Special Collections staff (Alison, Martin and James) would like to wish all our users, colleagues, and other friends a Merry Christmas and all the very best for 2018. Our seasonal image highlights our Putting Flesh on the Bones project, which will make a wonderful archive available to researchers and the public. If this intrigues you, check out the project blog.
Please note that we are closed for the Christmas break from 22 December to 2 January. We look forward to sharing more archive adventures with you in 2018!
Meet James Neill, who has just joined Special Collections as Project Archivist.
James will be with us for 18 months, working on the Wellcome-funded ‘Putting Flesh on the Bones Project’, a collaboration between Special Collections and Archaeological Sciences. Working closely with the rest of the project team, James will be cataloguing, digitising, preserving, and promoting the rich and unique archive of pioneering palaeopathologist Dr Calvin Wells. He will be based in Richmond Building but will also be seen around Special Collections.
James received his archive qualification from the University of Glasgow in 2013. Since then he has worked for all kinds of arts, heritage and academic organisations, including the Mercers’ Company, London Metropolitan Archives and the University of Arts London, and on collections ranging from the Estate Papers of Sir Richard Whittington to the counter-cultural comic books of Robert Crumb. This wide experience will be very helpful in navigating the complications of the Wells material! Find out more about him on his staff webpage.
In 1908 this circular was sent out to over 100 people in East Anglia inviting them to join an “East Anglian Society of Prehistorians”. The Hon Secretaries pro tem (W.A. Dutt and W.G. Clarke) had had the idea three years earlier, while flint-hunting in Thetford, but had decided to wait until they felt there was sufficient enthusiasm to sustain a Society.
Circular advertising the proposed East Anglian Society of Prehistorians, 1908. From the Prehistoric Society minute-books (ref PRE 1).
Their timing was right. After the inaugural meeting, at the Norfolk and Norwich Library on 26 October 1908, over seventy members signed up, paying a subscription of 1/6.
East Anglia was the ideal place for the Society to begin. The region is rich in flint, which occurs in bands in chalk, and was used by early humans for tool-making. The people who joined the Society, like Dutt and Clarke, were driven…
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Jacquetta Hawkes by a waterfall, Carrantuohill, Co. Kerry, ca. 1951, photo by Nicolas Hawkes (HAW18/5/4)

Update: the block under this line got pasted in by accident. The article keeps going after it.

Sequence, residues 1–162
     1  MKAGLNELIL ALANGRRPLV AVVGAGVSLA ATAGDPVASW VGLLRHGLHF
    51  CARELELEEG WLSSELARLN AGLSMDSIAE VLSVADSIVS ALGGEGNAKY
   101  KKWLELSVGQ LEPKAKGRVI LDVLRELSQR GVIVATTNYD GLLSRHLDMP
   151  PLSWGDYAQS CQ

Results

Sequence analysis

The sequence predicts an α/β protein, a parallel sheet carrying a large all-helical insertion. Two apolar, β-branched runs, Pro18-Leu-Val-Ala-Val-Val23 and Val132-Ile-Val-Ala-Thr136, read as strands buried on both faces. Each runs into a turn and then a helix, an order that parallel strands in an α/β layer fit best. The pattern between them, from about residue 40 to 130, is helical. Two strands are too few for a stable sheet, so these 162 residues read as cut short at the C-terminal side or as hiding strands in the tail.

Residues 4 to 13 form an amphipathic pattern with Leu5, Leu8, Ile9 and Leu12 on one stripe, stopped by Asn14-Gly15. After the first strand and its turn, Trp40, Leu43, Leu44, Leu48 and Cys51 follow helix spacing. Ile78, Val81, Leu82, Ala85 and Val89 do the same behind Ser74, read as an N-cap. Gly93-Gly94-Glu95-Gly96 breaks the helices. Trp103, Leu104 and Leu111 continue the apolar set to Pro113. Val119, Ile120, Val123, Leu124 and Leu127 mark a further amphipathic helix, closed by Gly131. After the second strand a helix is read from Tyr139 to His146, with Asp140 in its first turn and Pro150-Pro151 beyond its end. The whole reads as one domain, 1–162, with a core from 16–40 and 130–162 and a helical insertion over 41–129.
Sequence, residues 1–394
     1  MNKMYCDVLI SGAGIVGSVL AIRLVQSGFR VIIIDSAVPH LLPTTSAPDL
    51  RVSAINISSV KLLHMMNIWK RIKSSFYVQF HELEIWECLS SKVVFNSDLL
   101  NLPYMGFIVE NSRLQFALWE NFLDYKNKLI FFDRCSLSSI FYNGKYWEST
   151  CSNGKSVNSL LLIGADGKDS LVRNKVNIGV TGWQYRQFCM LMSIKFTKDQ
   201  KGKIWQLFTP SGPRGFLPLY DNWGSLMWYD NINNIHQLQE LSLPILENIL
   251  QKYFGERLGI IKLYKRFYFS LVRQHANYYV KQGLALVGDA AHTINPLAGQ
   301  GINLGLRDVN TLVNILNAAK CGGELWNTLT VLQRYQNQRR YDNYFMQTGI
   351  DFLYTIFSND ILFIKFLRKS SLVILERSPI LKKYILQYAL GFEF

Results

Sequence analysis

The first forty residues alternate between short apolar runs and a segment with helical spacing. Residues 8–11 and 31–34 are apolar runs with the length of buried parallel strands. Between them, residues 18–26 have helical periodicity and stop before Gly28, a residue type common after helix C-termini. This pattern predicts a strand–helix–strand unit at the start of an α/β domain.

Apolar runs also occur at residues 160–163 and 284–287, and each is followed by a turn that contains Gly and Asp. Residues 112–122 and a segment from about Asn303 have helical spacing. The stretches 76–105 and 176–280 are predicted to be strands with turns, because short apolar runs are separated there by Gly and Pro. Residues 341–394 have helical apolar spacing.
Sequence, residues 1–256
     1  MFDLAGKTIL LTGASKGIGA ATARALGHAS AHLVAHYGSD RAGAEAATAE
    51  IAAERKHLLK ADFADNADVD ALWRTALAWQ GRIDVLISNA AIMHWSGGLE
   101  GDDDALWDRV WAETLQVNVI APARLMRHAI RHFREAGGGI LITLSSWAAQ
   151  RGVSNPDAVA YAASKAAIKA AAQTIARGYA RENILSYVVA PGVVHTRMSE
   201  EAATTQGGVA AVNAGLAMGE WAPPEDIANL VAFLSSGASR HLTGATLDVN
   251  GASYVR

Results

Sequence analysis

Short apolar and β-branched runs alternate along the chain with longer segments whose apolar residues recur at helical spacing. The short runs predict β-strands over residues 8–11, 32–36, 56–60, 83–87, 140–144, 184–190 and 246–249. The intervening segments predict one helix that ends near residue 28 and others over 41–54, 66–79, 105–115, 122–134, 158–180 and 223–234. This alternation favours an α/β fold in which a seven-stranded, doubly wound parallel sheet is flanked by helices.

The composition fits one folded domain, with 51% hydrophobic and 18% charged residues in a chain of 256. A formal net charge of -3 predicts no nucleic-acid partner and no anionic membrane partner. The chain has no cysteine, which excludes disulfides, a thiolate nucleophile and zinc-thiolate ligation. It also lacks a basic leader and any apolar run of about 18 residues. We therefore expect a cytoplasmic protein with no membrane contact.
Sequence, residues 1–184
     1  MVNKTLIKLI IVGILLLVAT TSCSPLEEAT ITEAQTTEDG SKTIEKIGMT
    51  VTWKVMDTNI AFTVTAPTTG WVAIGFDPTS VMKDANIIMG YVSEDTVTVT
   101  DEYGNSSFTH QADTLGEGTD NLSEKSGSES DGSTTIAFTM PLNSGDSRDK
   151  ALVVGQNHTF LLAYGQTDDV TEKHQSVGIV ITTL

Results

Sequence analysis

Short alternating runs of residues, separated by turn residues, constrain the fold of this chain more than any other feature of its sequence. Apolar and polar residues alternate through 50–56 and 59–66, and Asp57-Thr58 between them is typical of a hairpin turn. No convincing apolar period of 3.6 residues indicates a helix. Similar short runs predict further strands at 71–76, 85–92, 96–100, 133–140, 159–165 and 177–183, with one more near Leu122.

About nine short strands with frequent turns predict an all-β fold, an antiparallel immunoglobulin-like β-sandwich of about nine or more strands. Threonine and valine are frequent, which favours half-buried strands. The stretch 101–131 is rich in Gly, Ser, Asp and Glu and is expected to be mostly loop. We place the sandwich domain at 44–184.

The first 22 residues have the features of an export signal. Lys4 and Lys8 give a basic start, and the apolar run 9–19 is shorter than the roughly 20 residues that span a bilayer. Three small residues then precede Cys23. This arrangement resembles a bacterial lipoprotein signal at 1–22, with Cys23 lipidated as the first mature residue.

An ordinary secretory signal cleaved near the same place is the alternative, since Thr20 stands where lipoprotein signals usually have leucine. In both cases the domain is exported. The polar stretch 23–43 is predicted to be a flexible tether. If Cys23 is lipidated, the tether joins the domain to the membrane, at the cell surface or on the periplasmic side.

One of the most significant, exciting and beautiful archives in Special Collections is that of archaeologist and writer Jacquetta Hawkes. There is now a revival of interest in her great contribution to raising public awareness of Britain’s deep past during the 1950s. Her masterpiece, A Land, which unforgettably fuses archaeology, geology, poetry and personal experience, has been reissued by Harper Collins. This book is explored and revisited, using manuscripts and photographs from the Archive, by Dr Christine Finn in a new exhibition at Yorkshire Sculpture Park this autumn. Find out more about Jacquetta, the Archive, the book and the exhibition on our Celebrating Jacquetta Hawkes website.
Delighted to announce that Jacquetta Hawkes’ masterpiece, A Land, which fuses archaeology and geology into a personal exploration of England’s deep past, will soon be back in print. It is being reissued in the Collins Nature Library in June. The new edition is introduced by Robert MacFarlane, who shares his thoughts about the book in this Guardian Review article:
“Ardent and personal, A Land became a bestseller, and one of the defining British non-fiction books of the postwar decade. Sixty years on it reads, fascinatingly, as a missing link in the literature of nature and landscape. It seems both a period piece – as of its year as the Festival of Britain, the Austin A30 and The Goon Show – and Delphically out-of-time in its ecstatic holism.”
Find out more about Jacquetta Hawkes’s amazing life and unique writings on our webpage for her Archive and in this online exhibit on the Celebrating Jacquetta Hawkes blog.